is 24 too old to become a female pop star? ?

I have been singing/songwriting for 8 years, I used to upload videos to youtube of covers and original music I had maybe 50 or so fans but only 10 or so really interacted. I also had my music play on a few internet radio stations and one or two article written about me. But I stop for two years because of life stuff now I am 24 and feel like I have wasted my life and my chance.

10 Answers

  • 4 months ago

    No not at all! People like Ava Max and Lizzo got their break when they were older than teenagers and they are still doing very well, you can do that too! The best thing you could probably do is go to a talent show like the X factor or the voice or __ got talent and give it your all, you can look up online to see if they are holding auditions and there might be forms online to apply.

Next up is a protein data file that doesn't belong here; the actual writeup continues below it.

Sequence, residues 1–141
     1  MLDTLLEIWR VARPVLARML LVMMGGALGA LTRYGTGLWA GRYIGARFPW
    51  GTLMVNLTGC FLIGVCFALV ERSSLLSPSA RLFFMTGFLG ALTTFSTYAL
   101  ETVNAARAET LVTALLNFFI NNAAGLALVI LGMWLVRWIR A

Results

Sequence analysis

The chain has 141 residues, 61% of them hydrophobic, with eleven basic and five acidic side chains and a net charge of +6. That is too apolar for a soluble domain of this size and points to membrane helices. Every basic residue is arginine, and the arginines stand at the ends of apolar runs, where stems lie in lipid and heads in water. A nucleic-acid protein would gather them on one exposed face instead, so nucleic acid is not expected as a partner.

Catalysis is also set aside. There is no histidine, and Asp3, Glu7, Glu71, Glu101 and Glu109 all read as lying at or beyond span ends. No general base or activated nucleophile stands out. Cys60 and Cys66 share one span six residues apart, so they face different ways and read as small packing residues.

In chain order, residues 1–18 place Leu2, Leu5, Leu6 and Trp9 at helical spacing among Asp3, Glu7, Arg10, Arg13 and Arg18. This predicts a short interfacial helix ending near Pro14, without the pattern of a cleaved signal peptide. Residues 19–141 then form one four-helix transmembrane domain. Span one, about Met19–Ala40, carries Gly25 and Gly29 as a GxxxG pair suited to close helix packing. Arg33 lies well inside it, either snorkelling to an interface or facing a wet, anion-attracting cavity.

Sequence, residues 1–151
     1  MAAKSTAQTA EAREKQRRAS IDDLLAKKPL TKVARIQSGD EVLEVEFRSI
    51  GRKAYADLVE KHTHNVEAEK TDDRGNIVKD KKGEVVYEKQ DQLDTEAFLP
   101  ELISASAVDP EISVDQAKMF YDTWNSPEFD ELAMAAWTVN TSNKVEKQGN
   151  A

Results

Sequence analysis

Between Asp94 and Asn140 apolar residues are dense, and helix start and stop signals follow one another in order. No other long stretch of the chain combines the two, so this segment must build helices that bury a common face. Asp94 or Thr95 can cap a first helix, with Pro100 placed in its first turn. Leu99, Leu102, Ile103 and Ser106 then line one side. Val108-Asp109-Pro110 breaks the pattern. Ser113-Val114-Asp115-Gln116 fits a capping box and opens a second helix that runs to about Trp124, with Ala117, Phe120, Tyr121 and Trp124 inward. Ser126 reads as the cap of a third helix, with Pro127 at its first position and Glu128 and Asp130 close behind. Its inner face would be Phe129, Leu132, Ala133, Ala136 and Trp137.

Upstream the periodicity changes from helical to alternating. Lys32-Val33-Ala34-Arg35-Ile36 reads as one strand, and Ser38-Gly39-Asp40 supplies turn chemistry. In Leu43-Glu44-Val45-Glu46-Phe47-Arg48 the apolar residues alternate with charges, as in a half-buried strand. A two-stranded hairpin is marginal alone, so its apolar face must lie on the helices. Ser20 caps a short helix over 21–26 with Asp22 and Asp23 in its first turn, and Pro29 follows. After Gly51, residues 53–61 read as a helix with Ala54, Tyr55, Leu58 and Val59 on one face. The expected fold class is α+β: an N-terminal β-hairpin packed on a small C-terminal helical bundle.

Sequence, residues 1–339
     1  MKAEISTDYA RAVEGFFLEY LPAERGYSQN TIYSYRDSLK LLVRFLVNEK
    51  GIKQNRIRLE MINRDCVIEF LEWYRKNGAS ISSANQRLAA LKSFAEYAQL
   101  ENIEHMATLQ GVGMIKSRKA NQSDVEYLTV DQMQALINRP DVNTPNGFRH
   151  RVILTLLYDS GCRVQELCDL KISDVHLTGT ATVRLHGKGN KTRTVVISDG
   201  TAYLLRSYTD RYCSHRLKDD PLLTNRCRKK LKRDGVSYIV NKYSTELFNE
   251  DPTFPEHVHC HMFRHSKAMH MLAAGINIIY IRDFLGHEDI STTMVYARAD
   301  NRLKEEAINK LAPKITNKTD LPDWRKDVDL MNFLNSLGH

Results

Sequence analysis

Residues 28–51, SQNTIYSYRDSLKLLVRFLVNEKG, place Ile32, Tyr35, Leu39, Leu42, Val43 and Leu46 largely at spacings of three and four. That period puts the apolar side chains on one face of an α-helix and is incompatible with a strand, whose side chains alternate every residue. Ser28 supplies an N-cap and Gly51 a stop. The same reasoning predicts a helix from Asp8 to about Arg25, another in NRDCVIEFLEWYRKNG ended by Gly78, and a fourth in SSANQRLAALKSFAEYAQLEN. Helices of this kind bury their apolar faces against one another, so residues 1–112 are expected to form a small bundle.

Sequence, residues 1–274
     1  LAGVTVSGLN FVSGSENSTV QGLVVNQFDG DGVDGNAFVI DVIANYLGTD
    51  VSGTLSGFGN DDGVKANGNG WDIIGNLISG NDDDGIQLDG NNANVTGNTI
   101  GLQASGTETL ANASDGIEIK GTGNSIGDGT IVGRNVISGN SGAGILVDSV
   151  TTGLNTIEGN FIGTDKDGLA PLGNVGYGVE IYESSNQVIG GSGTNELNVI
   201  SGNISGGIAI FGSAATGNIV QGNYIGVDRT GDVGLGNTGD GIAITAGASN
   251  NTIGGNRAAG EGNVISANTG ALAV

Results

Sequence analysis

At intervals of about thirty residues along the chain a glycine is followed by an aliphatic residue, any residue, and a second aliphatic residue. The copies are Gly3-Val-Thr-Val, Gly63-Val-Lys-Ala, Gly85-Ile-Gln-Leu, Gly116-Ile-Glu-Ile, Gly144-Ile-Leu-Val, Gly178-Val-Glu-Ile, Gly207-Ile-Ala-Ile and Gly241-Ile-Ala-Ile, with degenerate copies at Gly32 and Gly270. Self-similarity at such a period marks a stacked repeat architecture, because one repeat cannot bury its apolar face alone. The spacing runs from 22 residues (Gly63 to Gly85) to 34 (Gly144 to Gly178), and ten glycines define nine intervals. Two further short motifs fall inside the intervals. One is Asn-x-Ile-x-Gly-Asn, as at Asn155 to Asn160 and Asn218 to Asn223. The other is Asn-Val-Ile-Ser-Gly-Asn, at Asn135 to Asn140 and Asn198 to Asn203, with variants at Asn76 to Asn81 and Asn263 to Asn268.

• 5 months ago

    Try contacting some record labels like Republic Records and Atlantic records. Send them links to your videos. You may not hear back, but it's worth a shot. Good luck!

  • Anonymous
    5 months ago

    No, lizzo was 30 when she broke out as a huge star and she not your typical star like these other pop artists. If one person can do it, then so can many others. Whoever thinks 24 is old is insane, record labels do usually look for 16yr olds but they have no creative control or say over much and they career doesn't last past age 30. Madonna was 24 when her first single was release and was 26 when like a virgin was released which became a smash hit. the music industry as well as the film industry need more mature artist it is very ageist and sexist in my opinion.